Europe – Spring 1914
By the twentieth century Europe had reached a pinnacle of knowledge, wealth and power. Although Europe is one of the smallest continents, by the end of the nineteenth century most of the earth’s land was under the rule of just a few European countries, namely Austria-Hungary, France, Germany, Great Britain, Italy and Russia.
However, these countries were not equal in either size or strength, which led to instability among rivals, thus forcing weaker countries to seek protection agreements. These agreements unnerved a few rulers, such as Kiser Wilhelm of Germany who was concerned about France’s growing military strength and its alliance with Russia. Since the three countries shared common boarders, the Kiser decided to build the largest and best equipped army and a navy to rival the sea supremacy of Great Britain.
By the spring of 1914, rising political strife between European countries reached a critical point where there were whispers of war.
Otto von Bismarck, a German ambassador, predicted that ‘some damn foolish thing in the Balkans, would ignite the next war.’
German military strategist Alfred von Schlieffen had been working on a strategic plan whereby Germany could successfully fight on two fronts if a future war occurred. The spark that offered the opportunity to test Schlieffen’s plan happened on June 28, 1914, when Austrian heir apparent, Archduke Franz Ferdinand was assassinated by Serbian nationals the house of cards built of alliances between key countries in Europe, was beginning to collapse.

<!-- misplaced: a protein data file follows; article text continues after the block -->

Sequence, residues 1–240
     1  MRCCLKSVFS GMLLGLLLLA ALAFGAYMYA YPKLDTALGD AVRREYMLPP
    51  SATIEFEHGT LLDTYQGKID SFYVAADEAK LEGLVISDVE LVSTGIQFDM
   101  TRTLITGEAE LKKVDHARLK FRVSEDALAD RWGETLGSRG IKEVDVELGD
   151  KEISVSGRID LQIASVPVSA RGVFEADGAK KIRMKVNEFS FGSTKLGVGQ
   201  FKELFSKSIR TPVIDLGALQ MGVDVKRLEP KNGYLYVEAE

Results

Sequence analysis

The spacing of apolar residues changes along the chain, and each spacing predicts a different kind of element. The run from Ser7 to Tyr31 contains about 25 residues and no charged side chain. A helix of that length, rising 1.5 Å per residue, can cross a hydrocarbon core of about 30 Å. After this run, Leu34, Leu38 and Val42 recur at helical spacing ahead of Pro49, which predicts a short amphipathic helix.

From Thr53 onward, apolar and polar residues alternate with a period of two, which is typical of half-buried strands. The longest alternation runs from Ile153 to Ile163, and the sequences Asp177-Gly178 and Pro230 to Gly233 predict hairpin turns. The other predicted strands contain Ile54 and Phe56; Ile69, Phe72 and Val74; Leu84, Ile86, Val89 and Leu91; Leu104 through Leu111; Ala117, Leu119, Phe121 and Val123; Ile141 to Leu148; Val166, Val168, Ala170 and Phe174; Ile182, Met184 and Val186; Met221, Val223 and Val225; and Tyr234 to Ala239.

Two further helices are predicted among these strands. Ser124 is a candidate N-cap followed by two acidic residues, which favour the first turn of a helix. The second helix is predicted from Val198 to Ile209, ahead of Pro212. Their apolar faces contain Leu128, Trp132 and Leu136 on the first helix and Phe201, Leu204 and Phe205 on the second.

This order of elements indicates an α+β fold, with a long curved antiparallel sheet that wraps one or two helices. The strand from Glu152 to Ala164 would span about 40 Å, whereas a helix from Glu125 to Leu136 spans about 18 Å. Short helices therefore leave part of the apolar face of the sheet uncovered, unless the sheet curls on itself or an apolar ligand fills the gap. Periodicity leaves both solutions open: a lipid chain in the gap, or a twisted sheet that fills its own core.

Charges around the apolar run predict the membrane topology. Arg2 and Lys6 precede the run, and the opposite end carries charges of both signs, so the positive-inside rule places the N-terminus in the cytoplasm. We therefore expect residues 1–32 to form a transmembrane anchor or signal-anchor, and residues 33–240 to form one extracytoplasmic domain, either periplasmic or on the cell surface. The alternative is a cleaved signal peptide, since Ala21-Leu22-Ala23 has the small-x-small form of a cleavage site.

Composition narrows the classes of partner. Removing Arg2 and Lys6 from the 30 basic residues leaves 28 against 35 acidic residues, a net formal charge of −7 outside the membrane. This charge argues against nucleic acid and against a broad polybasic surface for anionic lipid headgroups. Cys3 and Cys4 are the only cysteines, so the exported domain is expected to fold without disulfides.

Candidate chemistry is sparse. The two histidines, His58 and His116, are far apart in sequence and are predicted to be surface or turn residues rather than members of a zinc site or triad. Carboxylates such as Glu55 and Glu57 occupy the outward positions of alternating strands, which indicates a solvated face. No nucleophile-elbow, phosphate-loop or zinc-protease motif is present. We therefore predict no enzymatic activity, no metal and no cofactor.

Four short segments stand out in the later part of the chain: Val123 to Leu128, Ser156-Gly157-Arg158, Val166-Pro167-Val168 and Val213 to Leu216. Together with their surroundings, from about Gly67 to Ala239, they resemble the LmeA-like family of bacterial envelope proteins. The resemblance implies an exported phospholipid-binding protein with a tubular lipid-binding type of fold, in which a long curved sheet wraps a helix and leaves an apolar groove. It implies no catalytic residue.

This descent into the abyss of war resembled the tumbling of a row of dominoes, when one falls the rest will follow.
This chain reaction commenced when Austria–Hungary attacked Serbia in response to the assassination of the Archduke. Russia had an alliance with Serbia; therefore Russia declared war on Austria-Hungary. As Austria-Hungary had a partnership with Germany, Germany declared war on both Serbia and Russia. Russia and France had an agreement, so France slid into the abyss alongside the others. This cascading effect would continue as other countries entered the war, with the exception of Great Britten.